We had a lovely time exploring West Seattle, specifically the Alki Beach area, where we enjoyed a wonderful Mexican lunch at Cactus - just what we were craving after a long morning of travel.  The food was to die for, the Margaritas sublime:

Not the best shot - I think I was too anxious to just dive into it...but you get the idea :)
So we ate.  A LOT.  Naturally, it was time for a walk along the beach after lunch:

Alki Beach 

A walk along Alki Beach
After a crash-course in all things West Seattle, we ferried back to the city proper and took in the sights,sounds and smells of its world famous Pike Place Market (as the sun sank slowly in the west)...

...and took a selfie in front of the famous gum-wall (yes,it was gross, but also strangely...beautiful?)

Have you ever seen two people look more thrilled to pose in front of a wall of discarded ABC gum?
In short, we walked until we could walk no more, and finally retired back to our room at the Moore to plan the rest of our visit.  A word about the Moore - if you're seeking budget-friendly, smack-dab-in-the-city-within-walking-distance-to-everything, fun and funky accomodations while in Seattle, look no further than this family-owned, historic hotel. The staff was nothing short of fantastic - accommodating, informative, helpful, pleasant...you get the picture. :) And as if that wasn't enough, the adjoining Moore Coffee Shop served what I SWEAR was the best cup of coffee I've EVER had - and THE most amazing homemade waffles ever to pass these lips! It's not a big place, but even if you're not staying at the Moore, do try to visit the coffee shop when in Seattle - dare I say, that OTHER Seattle coffee shop pales in comparison!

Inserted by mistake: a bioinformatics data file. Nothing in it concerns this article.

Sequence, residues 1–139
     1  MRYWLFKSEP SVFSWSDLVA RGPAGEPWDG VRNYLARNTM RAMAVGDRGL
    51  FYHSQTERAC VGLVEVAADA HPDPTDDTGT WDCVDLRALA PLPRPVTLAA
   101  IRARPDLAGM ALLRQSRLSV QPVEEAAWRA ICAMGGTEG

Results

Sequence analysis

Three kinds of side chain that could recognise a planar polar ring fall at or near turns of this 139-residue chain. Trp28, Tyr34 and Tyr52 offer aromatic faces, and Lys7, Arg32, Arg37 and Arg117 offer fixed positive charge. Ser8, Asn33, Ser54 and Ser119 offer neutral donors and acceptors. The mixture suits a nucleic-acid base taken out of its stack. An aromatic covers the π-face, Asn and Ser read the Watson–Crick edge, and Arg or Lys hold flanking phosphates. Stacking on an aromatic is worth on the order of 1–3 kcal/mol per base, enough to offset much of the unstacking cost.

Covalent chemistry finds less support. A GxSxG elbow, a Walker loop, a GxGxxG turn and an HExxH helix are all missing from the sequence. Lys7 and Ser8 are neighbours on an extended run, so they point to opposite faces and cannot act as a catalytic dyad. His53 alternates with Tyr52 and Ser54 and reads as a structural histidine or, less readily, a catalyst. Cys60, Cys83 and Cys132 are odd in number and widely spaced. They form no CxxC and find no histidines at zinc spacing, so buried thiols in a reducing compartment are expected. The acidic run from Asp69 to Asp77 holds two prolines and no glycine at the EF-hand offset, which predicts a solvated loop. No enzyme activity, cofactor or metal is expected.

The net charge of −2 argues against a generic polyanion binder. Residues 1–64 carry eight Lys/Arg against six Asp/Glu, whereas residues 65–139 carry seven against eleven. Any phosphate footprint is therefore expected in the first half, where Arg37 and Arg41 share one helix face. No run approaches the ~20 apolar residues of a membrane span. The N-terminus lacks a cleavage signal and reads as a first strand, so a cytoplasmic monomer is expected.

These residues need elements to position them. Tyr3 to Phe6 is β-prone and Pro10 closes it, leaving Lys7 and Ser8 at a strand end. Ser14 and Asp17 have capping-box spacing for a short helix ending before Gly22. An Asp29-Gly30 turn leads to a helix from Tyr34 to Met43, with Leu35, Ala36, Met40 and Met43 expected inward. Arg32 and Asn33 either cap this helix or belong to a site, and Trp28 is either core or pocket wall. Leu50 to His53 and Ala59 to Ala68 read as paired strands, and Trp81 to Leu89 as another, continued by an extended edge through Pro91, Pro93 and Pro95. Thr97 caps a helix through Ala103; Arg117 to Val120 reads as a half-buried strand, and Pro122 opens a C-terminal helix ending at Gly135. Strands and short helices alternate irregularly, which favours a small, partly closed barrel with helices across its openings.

So what else did we get up to during our Seattle soujourn, you ask?  Well, like the good little tourists we were, we spent as much time as was allowed at the Seattle Center complex - an area that is home to a HUGE number of Seattle attractions - most notably, the Space Needle, the Frank Gehry designed MoPOP (Museum of Pop Culture, formerly EMP Museum), and the Chihuly Garden and Glass Museum. These three attractions alone would be enough - but there is so much more to experience here - you could honestly spend days in this area alone.  We also took a morning to explore the early history of Seattle at the Seattle Underground Tour - a fascinating AND humorous experience which literally takes you beneath the streets of the city to explore what is left of the remains of the early Seattle, upon which the current city is built.